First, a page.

Teacher resources and professional development across the curriculum

Teacher professional development and classroom resources across the curriculum

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Ways to Respond to Student Writing
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First Steps A Shared Path Different Audiences Different Purposes
Usage and Mechanics Providing Feedback on Student Writing Learning from Professional Writers Writing in the 21st Century
Kylene Beers is a noted educator exploring ways to help struggling students become proficient readers and writers. In an interview for this project, she talked about some of the ways she encourages student writers through her comments on and evaluation of their work.
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Transcript

"I think that one of the most important things kids need to hear is what it is that they did well. I think that kids need to know that their writing that's on the page has value. And I think it's easy as a teacher to get caught up in a 'look at this, look at this.' 'This part doesn't make sense.' ' This transition isn't easy.' 'This should be parallel.' And forget to say you had a great idea. 'You had a great idea.' 'Look at how you used this phrase.' 'Look at how I got caught up in what was going on.' If we want kids to see themselves as writers, then we have to develop a confidence that says you are a writer. And you can't ever do that with a kid if it's constantly about the mistakes that they've made.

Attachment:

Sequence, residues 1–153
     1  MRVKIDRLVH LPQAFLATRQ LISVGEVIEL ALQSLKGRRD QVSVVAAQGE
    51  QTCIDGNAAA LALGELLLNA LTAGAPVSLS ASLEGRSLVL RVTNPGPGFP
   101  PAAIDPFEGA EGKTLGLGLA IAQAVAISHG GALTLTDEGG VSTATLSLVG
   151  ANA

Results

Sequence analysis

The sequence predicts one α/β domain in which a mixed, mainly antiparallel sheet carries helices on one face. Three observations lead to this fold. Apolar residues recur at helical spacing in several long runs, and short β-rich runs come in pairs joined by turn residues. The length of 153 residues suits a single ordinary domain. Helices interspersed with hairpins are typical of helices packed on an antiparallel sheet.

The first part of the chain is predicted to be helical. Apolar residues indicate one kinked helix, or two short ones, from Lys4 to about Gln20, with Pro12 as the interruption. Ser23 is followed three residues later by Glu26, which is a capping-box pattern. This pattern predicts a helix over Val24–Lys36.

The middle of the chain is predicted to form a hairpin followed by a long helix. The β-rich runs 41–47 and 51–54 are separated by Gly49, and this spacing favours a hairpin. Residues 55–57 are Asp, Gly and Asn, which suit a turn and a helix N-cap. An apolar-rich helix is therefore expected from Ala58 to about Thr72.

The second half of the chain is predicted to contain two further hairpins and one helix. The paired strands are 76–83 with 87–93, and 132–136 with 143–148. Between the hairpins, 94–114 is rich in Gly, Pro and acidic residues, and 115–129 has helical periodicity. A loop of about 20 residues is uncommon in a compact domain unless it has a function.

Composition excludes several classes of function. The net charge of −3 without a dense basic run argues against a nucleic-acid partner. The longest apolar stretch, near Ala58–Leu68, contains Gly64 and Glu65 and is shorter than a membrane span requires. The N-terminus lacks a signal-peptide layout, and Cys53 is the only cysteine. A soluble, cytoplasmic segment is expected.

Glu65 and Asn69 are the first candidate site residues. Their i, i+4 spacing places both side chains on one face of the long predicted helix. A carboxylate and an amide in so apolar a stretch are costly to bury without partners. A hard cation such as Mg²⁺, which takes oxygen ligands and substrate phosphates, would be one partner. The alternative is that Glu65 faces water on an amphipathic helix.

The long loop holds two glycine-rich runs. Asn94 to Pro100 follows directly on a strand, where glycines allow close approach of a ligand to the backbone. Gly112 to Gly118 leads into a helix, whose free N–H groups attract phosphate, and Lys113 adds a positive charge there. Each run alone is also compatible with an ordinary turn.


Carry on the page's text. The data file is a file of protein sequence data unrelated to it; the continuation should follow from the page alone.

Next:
"At the same time, if all we ever do is say you did a great job, what we're not doing is providing any sort of scaffolded environment that moves them up. So, you know, what I tell teachers is sort of three for one. Find three things a kid did great. And some kids, that mean we're pushing to find those things. But find three things the kid did in a way that surprised you. Find one thing that you're real sure they can improve on, that individual child can improve on for the next time that you're with that student. And write that one thing down.

"A lot of times when kids get feedback from teachers, they get so much. That when they start to go to the next page, they don't know where to start. So, have a plan. And on the plan, it starts with 'look at this.' 'You did this well.' 'You did this.' 'You did this.' 'Here's the thing that I think if you'll do better next time, it's going to change the whole shape of your writing.'"

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